In December 2008, a 22-year-old woman presented with acute imbalance, nausea and vomiting. On examination, she had right axial lateropulsion, right upper extremity dysmetria and left hemi-hypoesthesia. She also exhibited right ocular lateropulsion right saccade lateropulsion, and horizontal left-beat nystagmus in primary straight-ahead position and in left gaze. The head impulse test was normal. An MRI revealed DWI and T2 signal in the right dorsolateral medulla and faint T2 signal in the right inferior olive (Fig. 1, left panel). CT angiography revealed dissection of the right vertebral artery. Recovery was incomplete, as she had persistent right face and left body sensory loss and mild incoordination of gait. Four months later, she developed acute weakness of the right side, increased imbalance, and new onset diplopia and oscillopsia. Subsequent examination revealed new right hemiparesis in addition to previous sensory and coordination deficits. She also had a horizontal/torsional right beating nystagmus that increased in right gaze; left gaze was associated with left beating nystagmus. Right horizontal saccades were hypermetric, and horizontal pursuit was bilaterally saccadic. She had decreased optokinetic nystagmus gain bilaterally (0.52 and 0.54). Bithermal caloric testing and head impulse tests were normal bilaterally. Ocular cross cover test detected a new large skew deviation with a 12-prism diopter right hypertropia. In a follow-up visit 6 weeks later, her neurological examination was unchanged except for the additional finding of pendular vertical eye oscillations and bilateral palatal tremor.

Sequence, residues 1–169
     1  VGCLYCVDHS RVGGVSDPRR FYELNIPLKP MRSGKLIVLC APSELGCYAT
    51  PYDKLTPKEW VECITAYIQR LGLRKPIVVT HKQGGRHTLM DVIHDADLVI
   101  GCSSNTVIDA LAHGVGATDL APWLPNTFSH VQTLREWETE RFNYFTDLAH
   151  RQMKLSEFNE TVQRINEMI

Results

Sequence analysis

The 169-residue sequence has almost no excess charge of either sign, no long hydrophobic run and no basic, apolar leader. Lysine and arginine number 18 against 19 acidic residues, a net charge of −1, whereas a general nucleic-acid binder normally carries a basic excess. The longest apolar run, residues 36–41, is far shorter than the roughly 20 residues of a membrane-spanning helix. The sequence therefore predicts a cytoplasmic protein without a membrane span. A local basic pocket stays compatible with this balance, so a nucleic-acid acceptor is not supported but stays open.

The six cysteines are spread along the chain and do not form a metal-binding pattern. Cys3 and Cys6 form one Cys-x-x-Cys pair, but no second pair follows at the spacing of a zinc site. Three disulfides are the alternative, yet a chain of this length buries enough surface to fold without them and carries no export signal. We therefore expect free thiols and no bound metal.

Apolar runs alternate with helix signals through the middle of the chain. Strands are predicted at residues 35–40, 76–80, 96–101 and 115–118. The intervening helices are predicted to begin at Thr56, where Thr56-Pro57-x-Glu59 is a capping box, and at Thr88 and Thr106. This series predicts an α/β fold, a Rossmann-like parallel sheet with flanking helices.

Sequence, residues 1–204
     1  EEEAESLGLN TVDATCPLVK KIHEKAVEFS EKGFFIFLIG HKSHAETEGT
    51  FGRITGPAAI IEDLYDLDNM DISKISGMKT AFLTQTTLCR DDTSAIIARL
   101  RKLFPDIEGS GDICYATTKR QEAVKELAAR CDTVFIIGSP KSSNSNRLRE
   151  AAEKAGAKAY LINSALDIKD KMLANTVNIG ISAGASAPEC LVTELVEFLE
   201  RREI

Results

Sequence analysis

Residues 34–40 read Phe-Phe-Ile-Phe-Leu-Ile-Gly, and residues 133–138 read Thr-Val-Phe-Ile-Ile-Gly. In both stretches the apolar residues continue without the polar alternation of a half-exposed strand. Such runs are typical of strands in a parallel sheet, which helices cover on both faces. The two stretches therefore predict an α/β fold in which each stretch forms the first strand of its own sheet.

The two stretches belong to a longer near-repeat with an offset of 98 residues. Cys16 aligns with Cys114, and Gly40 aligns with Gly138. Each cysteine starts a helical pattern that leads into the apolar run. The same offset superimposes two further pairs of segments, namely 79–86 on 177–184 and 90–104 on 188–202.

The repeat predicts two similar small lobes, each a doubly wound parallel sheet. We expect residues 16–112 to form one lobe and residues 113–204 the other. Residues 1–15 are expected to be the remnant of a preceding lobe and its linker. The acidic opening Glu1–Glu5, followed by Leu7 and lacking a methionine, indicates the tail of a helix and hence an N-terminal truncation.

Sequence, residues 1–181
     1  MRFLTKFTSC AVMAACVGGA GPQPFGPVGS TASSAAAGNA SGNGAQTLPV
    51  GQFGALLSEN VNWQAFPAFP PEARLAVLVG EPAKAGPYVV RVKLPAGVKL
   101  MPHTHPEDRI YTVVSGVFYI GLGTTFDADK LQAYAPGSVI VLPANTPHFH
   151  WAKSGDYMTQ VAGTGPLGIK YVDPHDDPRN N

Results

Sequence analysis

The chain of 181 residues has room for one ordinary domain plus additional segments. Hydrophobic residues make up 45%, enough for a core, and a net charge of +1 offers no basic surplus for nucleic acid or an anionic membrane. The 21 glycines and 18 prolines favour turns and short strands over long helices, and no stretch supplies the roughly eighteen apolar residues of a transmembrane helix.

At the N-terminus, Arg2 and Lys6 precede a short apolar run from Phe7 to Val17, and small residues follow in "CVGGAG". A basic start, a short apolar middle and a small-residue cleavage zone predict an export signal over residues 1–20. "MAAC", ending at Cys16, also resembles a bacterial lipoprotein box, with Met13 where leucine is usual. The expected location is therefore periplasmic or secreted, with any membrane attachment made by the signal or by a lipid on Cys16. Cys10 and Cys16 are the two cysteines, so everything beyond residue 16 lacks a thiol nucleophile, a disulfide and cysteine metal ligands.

An MRI 1 month after her second stroke revealed an infarct extending from the left medullary pyramid posteriorly to the posterior surface of the medulla (Fig. 1, left panel). This infarct appeared to involve the medial left inferior olive, but there was no olivary hypertrophy. We found dissection of the left vertebral artery with CT angiography. Subsequent MRI scans at intervals of 2, 3, 8, and 10 years did not reveal additional infarcts or inferior olive hypertrophy.
Ten years after the very first event (May 2018), at the time of objective ocular motor assessment reported in this study, she had diplopia that was corrected with a right six-diopter base-down prism but still had mild right head tilt.